Dana Variano warns against the limitations of the new LA Times charity fundraising rating system. I believe that bad systems are more dangerous than no system.
Peter Deitz “rescues” a debate between me and Cynthia Gibson from 2007.
Sean Stannard-Stockton is the president and chief investment officer of Ensemble Capital Management, located in Burlingame, CA, midway between San Francisco and Silicon Valley. From 2006 through 2012, Sean authored the Tactical Philanthropy blog and wrote regular philanthropy columns for both the Financial Times and the Chronicle of Philanthropy. In 2012, Sean officially ended the blog to focus on growing Ensemble Capital.READ MORE »
Thanks for pointing us to the LA Times system. Here’s the comment I would have left at the Times site, if they had offered that opportunity. (I left this also on PhilanthroMedia, too.) The points Dana raises in caution are all excellent, and I agree with you that a bad system is more dangerous than none. In this case, the Times’ matrix, while an interesting idea, is a bad system. There is no way that it won’t be misleading to users. First, by my quick count, it presents data only on aproximately 354 charities. In Los Angeles County alone, there are approximately 7000 nonprofits with revenue over $25,000 (i.e., 990 filers). Way too small a sample size to stand in for the whole, but because of the Times’ (steadily diminishing) authority, that is how readers are likely to take it.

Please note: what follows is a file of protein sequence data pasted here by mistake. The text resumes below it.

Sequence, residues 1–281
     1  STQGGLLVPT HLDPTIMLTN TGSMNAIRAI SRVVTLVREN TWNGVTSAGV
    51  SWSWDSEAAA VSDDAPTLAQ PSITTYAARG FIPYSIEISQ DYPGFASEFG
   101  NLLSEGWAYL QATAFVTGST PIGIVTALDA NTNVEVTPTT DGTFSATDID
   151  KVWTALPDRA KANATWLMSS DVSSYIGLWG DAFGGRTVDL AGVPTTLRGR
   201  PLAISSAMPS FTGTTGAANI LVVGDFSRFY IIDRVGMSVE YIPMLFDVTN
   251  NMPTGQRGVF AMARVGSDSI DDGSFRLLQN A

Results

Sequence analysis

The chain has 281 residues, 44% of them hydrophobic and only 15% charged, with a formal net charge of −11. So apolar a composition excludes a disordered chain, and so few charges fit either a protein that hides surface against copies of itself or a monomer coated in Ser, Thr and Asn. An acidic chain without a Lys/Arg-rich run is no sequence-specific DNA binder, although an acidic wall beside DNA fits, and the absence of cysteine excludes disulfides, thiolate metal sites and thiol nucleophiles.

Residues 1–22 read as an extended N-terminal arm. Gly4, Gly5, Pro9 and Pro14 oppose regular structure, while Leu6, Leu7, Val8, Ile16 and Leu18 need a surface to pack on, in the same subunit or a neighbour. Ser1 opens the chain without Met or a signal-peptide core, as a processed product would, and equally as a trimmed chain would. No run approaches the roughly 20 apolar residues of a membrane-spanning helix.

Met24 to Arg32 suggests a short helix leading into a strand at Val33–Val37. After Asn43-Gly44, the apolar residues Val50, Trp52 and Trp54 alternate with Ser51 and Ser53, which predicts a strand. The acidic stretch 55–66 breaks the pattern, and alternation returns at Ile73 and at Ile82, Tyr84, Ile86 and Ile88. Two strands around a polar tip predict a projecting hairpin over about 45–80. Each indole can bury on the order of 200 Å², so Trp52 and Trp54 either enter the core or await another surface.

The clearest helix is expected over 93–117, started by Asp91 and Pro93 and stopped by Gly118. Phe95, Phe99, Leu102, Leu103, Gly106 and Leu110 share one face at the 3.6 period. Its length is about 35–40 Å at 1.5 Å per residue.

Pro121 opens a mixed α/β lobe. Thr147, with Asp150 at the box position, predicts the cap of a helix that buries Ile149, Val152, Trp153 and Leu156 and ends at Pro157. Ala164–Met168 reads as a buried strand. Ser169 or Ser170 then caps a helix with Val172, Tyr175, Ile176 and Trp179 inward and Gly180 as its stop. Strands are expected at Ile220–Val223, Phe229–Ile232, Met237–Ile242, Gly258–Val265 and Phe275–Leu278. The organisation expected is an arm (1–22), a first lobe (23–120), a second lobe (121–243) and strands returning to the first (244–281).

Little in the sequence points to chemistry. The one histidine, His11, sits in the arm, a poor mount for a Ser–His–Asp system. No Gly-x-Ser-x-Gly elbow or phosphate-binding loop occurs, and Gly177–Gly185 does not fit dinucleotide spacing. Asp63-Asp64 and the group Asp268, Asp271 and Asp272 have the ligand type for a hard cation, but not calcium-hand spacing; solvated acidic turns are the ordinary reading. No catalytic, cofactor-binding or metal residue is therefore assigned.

The data is pulled apparently from filings with the California Attorney General (disclosure: I know many people in the AG’s charitable section, they’re excellent, but way too understaffed), and only from professional fundraisers. This data is really only useful regarding the specific engagement of a professional fundraiser. The worst performing charities indicated in the matrix may very well have excellent overall fundraising performance, if you were to add in the results of fundraising by their staffs and volunteers. And the best performing ones likely are doing far better when you take their staff and volunteer fundraising into account.
We’d all be better off if the Times instead pulled this and later tried to present something more comprehensive. (I’ve plenty more to say about what that would look like, but have gone on too long already.)